AB - Using 1 year of aerosol optical thickness (AOT) retrievals from the MODerate resolution Imaging Spectro-radiometer (MODIS) on board NASA's Terra and Aqua satellite along with ground measurements of PM2.5 mass concentration, we assess particulate matter air quality over different locations across the global urban areas spread over 26 locations in Sydney, Delhi, Hong Kong, New York City and Switzerland. An empirical relationship between AOT and PM2.5 mass is obtained and results show that there is an excellent correlation between the bin-averaged daily mean satellite and ground-based values with a linear correlation coefficient of 0.96. Using meteorological and other ancillary datasets, we assess the effects of wind speed, cloud cover, and mixing height (MH) on particulate matter (PM) air quality and conclude that these data are necessary to further apply satellite data for air quality research. Our study clearly demonstrates that satellite-derived AOT is a good surrogate for monitoring PM air quality over the earth. However, our analysis shows that the PM2.5-AOT relationship strongly depends on aerosol concentrations, ambient relative humidity (RH), fractional cloud cover and height of the mixing layer. Highest correlation between MODIS AOT and PM2.5 mass is found under clear sky conditions with less than 40-50% RH and when atmospheric MH ranges from 100 to 200 m. Future remote sensing sensors such as Cloud-Aerosol Lidar and Infrared Pathfinder Satellite Observations (CALIPSO) that have the capability to provide vertical distribution of aerosols will further enhance our ability to monitor and forecast air pollution. This study is among the first to examine the relationship between satellite and ground measurements over several global locations.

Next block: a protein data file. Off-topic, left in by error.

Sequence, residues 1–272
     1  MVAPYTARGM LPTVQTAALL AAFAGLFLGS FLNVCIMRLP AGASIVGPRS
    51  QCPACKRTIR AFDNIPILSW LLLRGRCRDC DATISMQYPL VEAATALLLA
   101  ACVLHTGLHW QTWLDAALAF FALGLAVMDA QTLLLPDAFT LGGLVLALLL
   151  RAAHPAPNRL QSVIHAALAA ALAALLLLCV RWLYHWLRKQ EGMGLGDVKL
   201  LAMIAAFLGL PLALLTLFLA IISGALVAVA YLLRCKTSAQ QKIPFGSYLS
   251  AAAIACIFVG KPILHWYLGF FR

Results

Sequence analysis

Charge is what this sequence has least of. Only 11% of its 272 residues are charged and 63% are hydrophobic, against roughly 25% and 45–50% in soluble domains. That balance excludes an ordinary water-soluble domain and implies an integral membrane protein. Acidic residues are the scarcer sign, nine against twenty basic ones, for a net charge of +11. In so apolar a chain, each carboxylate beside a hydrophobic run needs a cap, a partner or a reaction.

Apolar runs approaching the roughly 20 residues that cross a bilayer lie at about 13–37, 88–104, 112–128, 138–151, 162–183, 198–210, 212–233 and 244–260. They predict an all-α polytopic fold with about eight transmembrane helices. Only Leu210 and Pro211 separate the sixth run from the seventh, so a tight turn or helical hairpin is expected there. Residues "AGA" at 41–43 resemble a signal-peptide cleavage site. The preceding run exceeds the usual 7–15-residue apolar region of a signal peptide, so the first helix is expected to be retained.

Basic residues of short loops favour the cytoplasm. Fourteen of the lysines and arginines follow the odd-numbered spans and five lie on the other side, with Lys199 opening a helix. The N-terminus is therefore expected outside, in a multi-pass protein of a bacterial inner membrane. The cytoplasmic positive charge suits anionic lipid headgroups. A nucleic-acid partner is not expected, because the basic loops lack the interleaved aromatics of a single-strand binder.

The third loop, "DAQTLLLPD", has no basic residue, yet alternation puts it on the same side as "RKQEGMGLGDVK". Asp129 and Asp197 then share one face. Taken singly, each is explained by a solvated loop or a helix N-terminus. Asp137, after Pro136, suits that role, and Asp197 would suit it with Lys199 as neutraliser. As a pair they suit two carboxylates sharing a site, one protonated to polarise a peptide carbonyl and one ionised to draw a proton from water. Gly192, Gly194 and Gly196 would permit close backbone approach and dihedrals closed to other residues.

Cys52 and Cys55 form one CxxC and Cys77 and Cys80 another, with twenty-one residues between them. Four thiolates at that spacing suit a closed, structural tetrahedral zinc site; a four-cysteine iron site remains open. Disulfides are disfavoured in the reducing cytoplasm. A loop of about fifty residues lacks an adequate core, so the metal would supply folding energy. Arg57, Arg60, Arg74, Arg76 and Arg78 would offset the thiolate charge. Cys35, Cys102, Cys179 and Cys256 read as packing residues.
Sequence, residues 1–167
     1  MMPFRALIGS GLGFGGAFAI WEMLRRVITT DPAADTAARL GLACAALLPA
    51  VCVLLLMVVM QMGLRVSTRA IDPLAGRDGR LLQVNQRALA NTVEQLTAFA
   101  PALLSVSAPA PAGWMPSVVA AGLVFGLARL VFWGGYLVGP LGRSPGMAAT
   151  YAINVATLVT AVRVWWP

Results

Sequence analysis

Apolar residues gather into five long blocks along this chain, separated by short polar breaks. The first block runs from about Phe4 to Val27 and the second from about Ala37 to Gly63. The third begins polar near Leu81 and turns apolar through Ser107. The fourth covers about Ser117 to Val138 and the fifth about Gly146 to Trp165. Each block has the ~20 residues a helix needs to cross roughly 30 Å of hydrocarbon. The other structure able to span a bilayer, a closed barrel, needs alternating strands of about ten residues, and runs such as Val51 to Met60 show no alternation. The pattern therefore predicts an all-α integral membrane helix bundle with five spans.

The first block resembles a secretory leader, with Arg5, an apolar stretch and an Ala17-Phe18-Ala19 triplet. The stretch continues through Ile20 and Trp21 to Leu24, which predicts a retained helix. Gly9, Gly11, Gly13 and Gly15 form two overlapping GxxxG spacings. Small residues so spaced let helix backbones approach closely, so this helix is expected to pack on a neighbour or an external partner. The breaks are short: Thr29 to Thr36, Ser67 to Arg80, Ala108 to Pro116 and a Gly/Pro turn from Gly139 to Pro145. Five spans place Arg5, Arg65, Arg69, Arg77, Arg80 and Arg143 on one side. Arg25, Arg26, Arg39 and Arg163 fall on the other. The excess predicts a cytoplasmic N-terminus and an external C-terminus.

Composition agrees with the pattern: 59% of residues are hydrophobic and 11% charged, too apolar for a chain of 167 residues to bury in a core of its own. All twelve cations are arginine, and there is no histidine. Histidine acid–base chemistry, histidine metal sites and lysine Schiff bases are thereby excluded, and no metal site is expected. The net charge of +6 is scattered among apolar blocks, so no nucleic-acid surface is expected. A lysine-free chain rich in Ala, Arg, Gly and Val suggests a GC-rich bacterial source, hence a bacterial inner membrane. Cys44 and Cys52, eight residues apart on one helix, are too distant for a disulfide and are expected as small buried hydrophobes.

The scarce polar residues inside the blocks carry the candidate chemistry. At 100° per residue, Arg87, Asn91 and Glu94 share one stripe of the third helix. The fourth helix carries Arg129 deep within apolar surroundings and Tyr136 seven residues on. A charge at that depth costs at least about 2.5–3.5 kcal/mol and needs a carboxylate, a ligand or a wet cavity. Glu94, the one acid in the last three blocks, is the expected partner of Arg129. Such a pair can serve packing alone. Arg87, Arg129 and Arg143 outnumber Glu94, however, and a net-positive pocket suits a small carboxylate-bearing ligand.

KW - Aerosols

KW - Air quality

KW - Mega cities

KW - Satellite remote sensing

UR - http://www.scopus.com/inward/record.url?scp=33748305652&partnerID=8YFLogxK

UR - http://www.scopus.com/inward/citedby.url?scp=33748305652&partnerID=8YFLogxK

U2 - 10.1016/j.atmosenv.2006.03.016

DO - 10.1016/j.atmosenv.2006.03.016

M3 - Article

AN - SCOPUS:33748305652

VL - 40

SP - 5880

EP - 5892

JO - Atmospheric Environment

JF - Atmospheric Environment

SN - 1352-2310

IS - 30

ER -